I hope the new stuff works better than their crap GPS unit I bought my mum which got lost more than she did.
Don't even bother looking. My fixed line went titsup (no dial tone and no ADSL) and Telstra (yes, that Telstra) will take ten days to fix it. I'm limping along on an Optus 3G modem at £5.70 per GB instead of the usual 10p per GB from my ISP.
> is it a case of "Take all you can, give nothing back"? I'm sure I've heard that before, now where was it?
I think it was before the French revolution. Or was it the first American one?
"Have you tried turning it off then on again?"
"What is your current altitude?"
"Yes sir, that's more than enough time to..."
"Upgrading operating system? Let me pass you on to Tier 2."
I can see a problem doing daily deployments with safety-critical software that must be certified every time it is released. Mission critical could be a problem too. At Telstra's Australian EFTPOS network, we were not allowed to deploy any new software at all in December and January, our busiest time of the year.
> Are there any rules on data confidentiality in the USA that would allow a customer, or even a worried person with dental issues to sue for worry and anxiety?
There's something called the HIPAA (Health Insurance Portability and Accountability Act) that appears to have been violated. The Privacy Rule covers "any part of an individual's medical record or payment history". The Security Rule states that "Information systems must be protected from intrusion. When information flows over open networks, some form of encryption must be utilised." (quotes are from Wikipedia)
I've used Microsoft tech support. I'll take my chances with the other ones.
Bill Gates comes to mind.
The next step will be analytics software that pores over job seekers' health insurance claims and tells bosses whether or not to hire them.
Thirty years ago when I first used Unix, running as root because I didn't know any better, I created a file then decided to delete it "the Unix way" by moving it to /bin and doing rm -rf /bin/*. I thought /bin was the Unix equivalent of the Macintosh's rubbish bin icon. Fortunately, I decided to do ls /bin first in case there were files that other people didn't want deleted. Guess what I found.
Would it be worthwhile setting up a network simulator to train techies how to handle network crashes before they happen?
Kudos to Telstra for the day of free data, although it is a Sunday which must be the quietest day of the week.
This is great news! I'm an embedded programmer in Melbourne who's looking for work and this will reduce the competition, much the same way as six of my friends working in that area went overseas after Australia's electronics industry died and went to China. I can't do that myself as I'm looking after my mum. If you think finding parts for old hardware is difficult, try keeping someone going who was built in 1932.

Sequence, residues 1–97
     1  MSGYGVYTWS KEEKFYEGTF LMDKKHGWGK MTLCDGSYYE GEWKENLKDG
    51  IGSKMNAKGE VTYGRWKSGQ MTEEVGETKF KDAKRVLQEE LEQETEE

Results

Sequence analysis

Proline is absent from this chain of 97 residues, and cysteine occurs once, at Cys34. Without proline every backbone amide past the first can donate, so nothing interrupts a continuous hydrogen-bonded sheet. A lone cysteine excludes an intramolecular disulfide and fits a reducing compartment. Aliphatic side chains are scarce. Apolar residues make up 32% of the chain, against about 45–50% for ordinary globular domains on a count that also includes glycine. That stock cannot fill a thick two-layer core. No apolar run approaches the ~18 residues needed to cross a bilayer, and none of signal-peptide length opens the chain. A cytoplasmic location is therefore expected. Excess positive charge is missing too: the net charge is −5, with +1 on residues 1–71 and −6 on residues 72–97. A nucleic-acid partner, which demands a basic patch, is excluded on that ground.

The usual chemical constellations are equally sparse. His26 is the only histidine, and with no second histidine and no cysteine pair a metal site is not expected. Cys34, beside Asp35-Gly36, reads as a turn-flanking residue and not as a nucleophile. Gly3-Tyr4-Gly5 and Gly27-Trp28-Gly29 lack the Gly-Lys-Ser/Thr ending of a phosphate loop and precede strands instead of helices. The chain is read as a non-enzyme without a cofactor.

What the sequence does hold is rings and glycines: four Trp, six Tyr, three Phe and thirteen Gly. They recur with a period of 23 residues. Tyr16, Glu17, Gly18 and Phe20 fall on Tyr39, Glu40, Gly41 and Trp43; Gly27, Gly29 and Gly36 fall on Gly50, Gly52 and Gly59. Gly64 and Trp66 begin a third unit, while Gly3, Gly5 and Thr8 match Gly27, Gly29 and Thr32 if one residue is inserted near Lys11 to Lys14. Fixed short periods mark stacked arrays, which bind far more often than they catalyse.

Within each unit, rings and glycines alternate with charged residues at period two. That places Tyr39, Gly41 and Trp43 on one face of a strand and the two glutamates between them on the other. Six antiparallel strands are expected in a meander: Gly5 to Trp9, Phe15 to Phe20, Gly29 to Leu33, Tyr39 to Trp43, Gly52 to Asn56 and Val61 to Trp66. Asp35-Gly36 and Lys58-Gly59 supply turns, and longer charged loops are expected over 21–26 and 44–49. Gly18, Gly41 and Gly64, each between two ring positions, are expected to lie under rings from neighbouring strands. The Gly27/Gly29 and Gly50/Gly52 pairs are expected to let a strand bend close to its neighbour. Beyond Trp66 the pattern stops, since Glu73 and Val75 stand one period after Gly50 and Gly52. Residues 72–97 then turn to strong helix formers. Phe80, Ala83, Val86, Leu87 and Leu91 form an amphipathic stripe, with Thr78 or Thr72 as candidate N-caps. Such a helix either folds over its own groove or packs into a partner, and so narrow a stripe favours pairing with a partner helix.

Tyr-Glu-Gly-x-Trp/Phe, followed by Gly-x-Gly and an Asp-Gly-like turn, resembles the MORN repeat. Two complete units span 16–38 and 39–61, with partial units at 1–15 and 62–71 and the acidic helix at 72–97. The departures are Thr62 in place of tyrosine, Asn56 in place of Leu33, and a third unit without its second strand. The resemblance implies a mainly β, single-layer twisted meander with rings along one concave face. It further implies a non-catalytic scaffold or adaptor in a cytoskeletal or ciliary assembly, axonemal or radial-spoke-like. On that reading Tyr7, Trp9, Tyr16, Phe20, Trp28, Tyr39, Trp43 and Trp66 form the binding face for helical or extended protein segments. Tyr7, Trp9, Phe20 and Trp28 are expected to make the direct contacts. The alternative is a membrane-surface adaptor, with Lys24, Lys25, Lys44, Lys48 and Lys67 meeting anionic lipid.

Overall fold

I'll say it is. I once rewrote 2,650 lines of C as a seven line shell script. The previous team had written a data transfer program with its own implementation of ftp. I just used the one that was already on the computer.
The slates are cheap. The chalk costs a fortune.
Try $2 per MB. That's what Telstra charged me for the data on my new smartphone. I ended up with a $1,300 bill on a phone that had cost me $149. Something went wrong with registering the DataPack I purchased. Trying to get the bill cancelled took me three months of visiting their shop, writing emails and calling them. It was finally resolved when I received a phone call from them saying they were going to shut off all my phones the next day. They said the credit was in the system; they didn't know why it hadn't gone through.
I removed the SIM card from the smartphone and put it back in my old Nokia 3315.
I'd feel safer if Toyota spent that money on fixing its existing code and development system. See "Toyota's killer firmware: Bad design and its consequences" at http://www.edn.com/design/automotive/4423428/2/Toyota-s-killer-firmware--Bad-design-and-its-consequences.
Is that the one which catches fire when the automatic transmission fluid boils over onto the engine?
Fun times were had when a team of software engineers kept getting corrupted backups on a Sony DAT (remember those?) so off to the repair shop it went. The shop couldn't find anything wrong but the team's backups were still being corrupted so the DAT, cable and controller card were bundled up and sent off. No errors detected. Then they asked me to have a look at it and I spotted the problem right away. They had laid the cable connecting the controller card to the DAT across the top of a 21" CRT. Cable moved, problem solved.
It makes headbanging easier.
To me, the most interesting part of the insurer's complaint is that the healthcare system "outsourced data to firms with poor security". Could that be extended in future to "outsourced programming to firms with poor security"?
Been there, fixed that. I once rewrote 2,651 lines of C as a seven line shell script. The previous programming team had written a data transfer program with its own buggy implementation of ftp. I just used the one that was already on the computer.